DARK REIGN: THE LIST – AVENGERS #1
Writer: Brian Michael Bendis Pencils: Marko Djurdjevic Inks: Mark Morales Colors: Marte Gracia Publisher: Marvel Comics Reviewer: Matt AdlerTHE LIST is simply a new way of branding the ongoing Norman Osborn storyline; it’s probably a smart move, since with the proliferation of DARK REIGN tie-ins, a new brand was needed to say “Hey! Something is happening to advance the story here!”
What’s happening to advance the story is that Norman Osborn has made a “list” of the various superheroes who are impeding his plans. This list includes Daredevil (whom Osborn sees as a threat for his leadership of The Hand, and sends Dark Avenger/old nemesis Hawkeye/Bullseye after), Spider-Man (duh), The Hulk (presumably because he’s a rampaging monster), The Punisher (who has tried to kill Osborn), Wolverine (because clearly any character who can be in so many places at once is a major threat), The Secret Warriors (led by Nick Fury), and The X-Men (fresh from their recent battle with Osborn, and now ensconced in a separatist state off the coast of San Francisco). And oh yeah, The Avengers, whom Osborn has tried to replace, and who have been a continual thorn in his side.
This issue focuses primarily on Hawkeye/Ronin, who for the last few issues of NEW AVENGERS has been swearing that he’s going to kill Norman Osborn. The rest of his team, including his ex, Mockingbird, tries to talk him out of it, mostly for moral reasons, but also for practical.
Now, don’t get me wrong, I do think it’s possible for a hero to be pushed over the edge, so even though Clint Barton has been shown to be firmly against killing on numerous occasions, I would not rule out his making an exception here. BUT, if you’re going to make that the focal point of the issue, and throw in Mockingbird arguing with him to boot… wouldn’t it make a whole lot of sense that the incident that led to Hawkeye and Mockingbird’s break-up in the first place, her killing of a super villain and his objection to it, be raised? It’s such a pivotal moment for both characters that when another such pivotal moment comes up, it just doesn’t ring true for it to not even be mentioned.
As in previous issues, Spider-Man is the main voice of opposition to Clint’s idea. It doesn’t really work for me though, because every time Spider-Man gets involved with an Osborn storyline, it serves to remind me how much of a mistake it was to bring Osborn back in the first place. Hawkeye makes a comment along the lines that Spider-Man should have finished Osborn off a long time ago, and therein lies the problem. The fact that Osborn is not only still around, but now has risen to the level of basically ruling the Marvel Universe, after having killed several of Spidey’s loved ones, terrorized the rest, and tormented and tortured him with impunity for years, makes Spidey look completely impotent and weak, as opposed to simply the hard luck underdog. Bendis made a similar point when Luke Cage took down Osborn back in THE PULSE, and I felt the same then. I’m not saying that Spidey should kill him, but Osborn got his poetic justice back in Gerry Conway’s original story, and the fact that he’s back kicking around completely undoes that. Spidey might as well take out an ad saying “Want to get ahead in life? Do whatever you want to me and my loved ones. There will be no consequences, and you might even get a promotion.”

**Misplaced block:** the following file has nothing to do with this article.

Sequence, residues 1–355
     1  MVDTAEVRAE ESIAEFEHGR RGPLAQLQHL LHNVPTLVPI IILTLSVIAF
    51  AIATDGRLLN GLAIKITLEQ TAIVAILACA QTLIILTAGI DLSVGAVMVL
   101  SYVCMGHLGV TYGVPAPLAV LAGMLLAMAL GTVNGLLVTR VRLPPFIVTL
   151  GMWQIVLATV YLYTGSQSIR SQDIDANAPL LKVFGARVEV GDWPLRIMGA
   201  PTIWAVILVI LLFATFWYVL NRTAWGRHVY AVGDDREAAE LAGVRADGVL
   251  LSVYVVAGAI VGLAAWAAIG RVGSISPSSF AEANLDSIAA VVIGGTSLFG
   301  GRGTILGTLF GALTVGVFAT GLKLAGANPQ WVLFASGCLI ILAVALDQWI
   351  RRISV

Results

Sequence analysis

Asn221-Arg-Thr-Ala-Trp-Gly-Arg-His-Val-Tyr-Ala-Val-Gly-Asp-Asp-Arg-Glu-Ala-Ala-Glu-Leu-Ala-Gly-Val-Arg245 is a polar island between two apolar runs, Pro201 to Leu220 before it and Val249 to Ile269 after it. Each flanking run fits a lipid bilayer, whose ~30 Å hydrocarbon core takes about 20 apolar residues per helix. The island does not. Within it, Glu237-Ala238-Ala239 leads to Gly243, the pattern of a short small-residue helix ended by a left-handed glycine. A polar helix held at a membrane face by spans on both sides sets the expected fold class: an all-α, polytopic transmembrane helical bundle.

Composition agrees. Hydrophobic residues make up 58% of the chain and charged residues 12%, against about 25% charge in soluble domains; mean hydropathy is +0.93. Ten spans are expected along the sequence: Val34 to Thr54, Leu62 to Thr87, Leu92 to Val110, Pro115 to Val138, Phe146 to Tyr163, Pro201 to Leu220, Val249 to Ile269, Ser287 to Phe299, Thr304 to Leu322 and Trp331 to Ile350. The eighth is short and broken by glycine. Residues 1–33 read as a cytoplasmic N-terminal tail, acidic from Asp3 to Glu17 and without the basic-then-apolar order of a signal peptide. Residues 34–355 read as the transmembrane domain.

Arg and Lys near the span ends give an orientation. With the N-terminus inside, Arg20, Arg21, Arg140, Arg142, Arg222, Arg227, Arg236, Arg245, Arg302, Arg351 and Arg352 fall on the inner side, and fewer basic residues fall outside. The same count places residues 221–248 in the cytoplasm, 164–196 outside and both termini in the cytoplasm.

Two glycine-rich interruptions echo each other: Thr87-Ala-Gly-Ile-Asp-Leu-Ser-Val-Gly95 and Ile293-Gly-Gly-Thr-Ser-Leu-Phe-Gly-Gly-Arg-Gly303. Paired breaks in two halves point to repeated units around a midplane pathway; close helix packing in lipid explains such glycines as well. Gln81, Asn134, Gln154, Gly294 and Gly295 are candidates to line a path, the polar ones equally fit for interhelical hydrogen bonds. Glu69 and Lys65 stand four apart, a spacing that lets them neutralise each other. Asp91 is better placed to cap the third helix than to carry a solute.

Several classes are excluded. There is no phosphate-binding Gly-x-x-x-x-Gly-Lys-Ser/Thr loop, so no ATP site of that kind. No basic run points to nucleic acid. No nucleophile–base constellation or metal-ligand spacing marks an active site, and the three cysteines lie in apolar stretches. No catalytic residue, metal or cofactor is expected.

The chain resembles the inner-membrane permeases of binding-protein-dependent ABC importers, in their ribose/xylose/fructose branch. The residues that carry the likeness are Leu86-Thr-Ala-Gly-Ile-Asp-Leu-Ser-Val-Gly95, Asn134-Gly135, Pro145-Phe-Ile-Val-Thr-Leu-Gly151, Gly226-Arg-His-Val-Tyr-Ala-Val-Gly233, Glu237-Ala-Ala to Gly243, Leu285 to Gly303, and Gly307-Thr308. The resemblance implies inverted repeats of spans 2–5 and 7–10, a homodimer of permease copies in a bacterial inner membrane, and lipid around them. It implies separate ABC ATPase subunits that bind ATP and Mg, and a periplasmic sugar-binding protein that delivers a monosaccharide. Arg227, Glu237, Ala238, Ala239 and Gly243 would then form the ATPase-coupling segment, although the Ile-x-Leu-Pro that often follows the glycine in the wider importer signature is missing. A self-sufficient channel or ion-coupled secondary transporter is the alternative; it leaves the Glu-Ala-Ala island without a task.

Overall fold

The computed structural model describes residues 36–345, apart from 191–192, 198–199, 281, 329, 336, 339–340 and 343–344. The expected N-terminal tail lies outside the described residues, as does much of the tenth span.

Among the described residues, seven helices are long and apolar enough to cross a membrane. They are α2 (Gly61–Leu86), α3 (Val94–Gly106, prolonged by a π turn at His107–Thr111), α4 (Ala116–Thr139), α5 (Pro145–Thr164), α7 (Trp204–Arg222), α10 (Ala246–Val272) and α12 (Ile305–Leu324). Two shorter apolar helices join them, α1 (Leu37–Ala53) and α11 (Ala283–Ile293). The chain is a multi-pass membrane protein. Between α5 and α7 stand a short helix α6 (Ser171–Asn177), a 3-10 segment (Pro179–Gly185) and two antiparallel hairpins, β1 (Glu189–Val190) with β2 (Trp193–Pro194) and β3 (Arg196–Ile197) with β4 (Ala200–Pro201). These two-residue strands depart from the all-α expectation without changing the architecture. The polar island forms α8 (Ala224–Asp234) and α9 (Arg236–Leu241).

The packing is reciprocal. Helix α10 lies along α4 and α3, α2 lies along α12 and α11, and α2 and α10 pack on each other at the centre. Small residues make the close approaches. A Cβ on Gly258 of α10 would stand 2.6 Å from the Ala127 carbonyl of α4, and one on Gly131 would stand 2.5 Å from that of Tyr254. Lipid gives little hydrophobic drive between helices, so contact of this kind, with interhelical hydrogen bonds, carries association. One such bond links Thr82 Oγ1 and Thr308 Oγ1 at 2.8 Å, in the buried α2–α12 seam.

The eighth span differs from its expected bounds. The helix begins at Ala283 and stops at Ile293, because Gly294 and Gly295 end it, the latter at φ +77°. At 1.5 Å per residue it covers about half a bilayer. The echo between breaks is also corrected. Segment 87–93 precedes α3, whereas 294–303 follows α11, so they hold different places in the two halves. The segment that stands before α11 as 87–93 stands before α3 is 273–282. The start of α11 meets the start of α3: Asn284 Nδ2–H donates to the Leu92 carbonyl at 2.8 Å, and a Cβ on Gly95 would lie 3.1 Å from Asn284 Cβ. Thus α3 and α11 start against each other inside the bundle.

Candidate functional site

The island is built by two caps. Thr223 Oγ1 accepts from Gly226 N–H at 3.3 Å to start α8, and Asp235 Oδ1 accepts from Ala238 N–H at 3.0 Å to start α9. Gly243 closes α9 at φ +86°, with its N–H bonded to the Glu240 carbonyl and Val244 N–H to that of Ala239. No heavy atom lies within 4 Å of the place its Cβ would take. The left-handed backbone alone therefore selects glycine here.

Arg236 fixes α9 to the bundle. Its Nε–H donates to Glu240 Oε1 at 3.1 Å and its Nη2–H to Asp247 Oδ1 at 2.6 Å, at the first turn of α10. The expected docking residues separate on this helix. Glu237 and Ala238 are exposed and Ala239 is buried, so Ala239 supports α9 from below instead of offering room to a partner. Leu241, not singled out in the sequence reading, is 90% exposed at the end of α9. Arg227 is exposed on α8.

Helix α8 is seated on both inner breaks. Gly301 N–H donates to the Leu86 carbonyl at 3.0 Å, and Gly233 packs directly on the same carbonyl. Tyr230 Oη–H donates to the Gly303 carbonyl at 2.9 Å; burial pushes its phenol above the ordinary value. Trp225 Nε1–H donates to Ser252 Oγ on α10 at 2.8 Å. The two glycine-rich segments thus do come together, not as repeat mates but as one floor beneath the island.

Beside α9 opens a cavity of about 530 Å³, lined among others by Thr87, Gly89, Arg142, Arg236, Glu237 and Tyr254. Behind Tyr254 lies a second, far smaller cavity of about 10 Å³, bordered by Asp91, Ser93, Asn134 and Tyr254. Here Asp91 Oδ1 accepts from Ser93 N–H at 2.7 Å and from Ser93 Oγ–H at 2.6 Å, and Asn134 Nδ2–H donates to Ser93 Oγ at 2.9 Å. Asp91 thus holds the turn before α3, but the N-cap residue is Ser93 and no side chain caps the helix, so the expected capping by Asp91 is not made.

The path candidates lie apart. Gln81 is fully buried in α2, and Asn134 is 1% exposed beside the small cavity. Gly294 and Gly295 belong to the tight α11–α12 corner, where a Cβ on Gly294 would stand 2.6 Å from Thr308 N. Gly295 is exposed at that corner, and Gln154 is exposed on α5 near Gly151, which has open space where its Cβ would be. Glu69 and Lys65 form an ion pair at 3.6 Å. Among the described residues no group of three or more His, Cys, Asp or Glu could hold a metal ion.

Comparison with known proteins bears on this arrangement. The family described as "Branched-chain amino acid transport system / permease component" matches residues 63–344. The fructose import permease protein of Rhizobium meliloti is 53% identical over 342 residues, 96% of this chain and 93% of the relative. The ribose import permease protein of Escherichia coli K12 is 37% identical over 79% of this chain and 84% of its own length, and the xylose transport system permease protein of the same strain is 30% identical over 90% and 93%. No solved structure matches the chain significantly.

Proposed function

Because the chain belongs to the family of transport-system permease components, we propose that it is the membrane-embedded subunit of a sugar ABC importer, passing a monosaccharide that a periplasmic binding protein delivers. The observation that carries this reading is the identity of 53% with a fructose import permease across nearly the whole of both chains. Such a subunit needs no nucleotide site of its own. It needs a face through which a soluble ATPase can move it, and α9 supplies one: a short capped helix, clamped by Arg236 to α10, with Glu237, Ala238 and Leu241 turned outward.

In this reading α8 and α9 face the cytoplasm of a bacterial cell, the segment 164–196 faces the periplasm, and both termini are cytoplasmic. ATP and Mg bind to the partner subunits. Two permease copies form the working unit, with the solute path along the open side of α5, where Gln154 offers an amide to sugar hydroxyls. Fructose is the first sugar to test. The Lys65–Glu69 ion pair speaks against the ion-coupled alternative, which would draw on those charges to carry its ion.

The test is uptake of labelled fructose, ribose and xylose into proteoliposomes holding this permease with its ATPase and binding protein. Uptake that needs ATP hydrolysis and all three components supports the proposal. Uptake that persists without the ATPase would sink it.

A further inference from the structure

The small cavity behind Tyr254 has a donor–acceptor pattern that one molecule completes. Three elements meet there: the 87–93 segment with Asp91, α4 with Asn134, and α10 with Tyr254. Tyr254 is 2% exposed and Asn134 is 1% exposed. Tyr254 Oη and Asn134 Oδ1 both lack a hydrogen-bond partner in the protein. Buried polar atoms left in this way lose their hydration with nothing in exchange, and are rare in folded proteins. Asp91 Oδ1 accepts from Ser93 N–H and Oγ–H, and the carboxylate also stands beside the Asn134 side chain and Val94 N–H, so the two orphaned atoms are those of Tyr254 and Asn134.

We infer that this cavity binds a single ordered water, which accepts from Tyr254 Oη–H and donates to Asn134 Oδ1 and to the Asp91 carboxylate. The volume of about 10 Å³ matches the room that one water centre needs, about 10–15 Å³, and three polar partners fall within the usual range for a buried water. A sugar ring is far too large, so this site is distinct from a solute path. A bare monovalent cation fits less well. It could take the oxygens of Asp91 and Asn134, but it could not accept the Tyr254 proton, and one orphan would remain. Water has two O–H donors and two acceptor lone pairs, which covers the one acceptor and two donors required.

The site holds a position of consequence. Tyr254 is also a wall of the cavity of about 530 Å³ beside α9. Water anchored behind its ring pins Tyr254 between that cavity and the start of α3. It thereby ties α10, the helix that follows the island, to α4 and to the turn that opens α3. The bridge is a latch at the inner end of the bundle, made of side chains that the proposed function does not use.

The rest of the Avengers also get their chance to weigh in (Bucky/Captain America gets in a line about having personally killed Hitler, which is pretty funny, but as I recall in Marvel continuity, it was actually the android Human Torch who killed Hitler). But the end result is that Hawkeye goes off on his own to invade Avengers Tower and take down Osborn. While he missed the key moment with Hawkeye and Mockingbird, Bendis does remember Hawkeye’s fling with Moonstone and makes use of it, which is nice. The Ronin costume, with its bulky body armor and shoulder pads, will never look right on him, and it doesn’t feel right to see him using automatic weapons, but still, he’s pretty effective here, taking down most of the Dark Avengers through the element of surprise before things go horribly wrong. On a side note, Bullseye has a healing factor? Does anyone NOT have a healing factor? I assume Daken does as well, and we know Osborn does, because that’s how he came back to life. It’s getting ridiculous.
Marko Djurdjevic, Marvel’s current go-to guy on covers, handles the pencils for this issue, and his interior style is VERY different than his covers. Not better or worse, just very different. His covers are usually in the ultra-realistic painted style that is en vogue these days, while his interiors are much more stylized. But it works here; it sets the mood effectively for what is, of course, a very dark story.
Anyway, this is a 26-page lead story, followed by a preview for Daredevil’s “List” tie-in (which you’ve already seen if you read Daredevil #500), and then some very cool Alan Davis preview art for the X-Men “List” tie-in. So for $3.99, it’s a pretty good value. Bottom line, if you want to follow the overall “Dark Reign” storyline, this issue’s worth getting.
In most places, Matt Adler goes by the name his mother gave him, but occasionally uses the handle "CylverSaber", based on a character he created for the old DARK FORCES II: JEDI KNIGHT game (one hint of his overweening nerddom). He currently does IT and networking support for the government of Nassau County, NY, but his dream is to write for a living, and is in the process of figuring out how to get publishers to give his stuff a look. In the meantime, he passes the time by writing for AICN, CBR, and a few other places. He has also written for MARVEL SPOTLIGHT magazine.
ADVENTURE COMICS #2
Writer: Geoff Johns Artist: Francis Manapul Publisher: DC Comics Reviewer: Optimous DoucheLast month I sincerely believed my time with Superman was once again drawing to a close. Over the years my fanman love affair with the big S has waxed and waned despite my usual Pokemon-like collecting mantra of “Gotta get ‘em all.” During the good times I have an almost OCD compulsion to collect and more importantly absorb every issue into my mushy cerebellum. During the bad times I quite simply walk away. That’s always been one of the joys of Superman: the ability to walk away and come back a few months or years later and be able to jump right back into the action.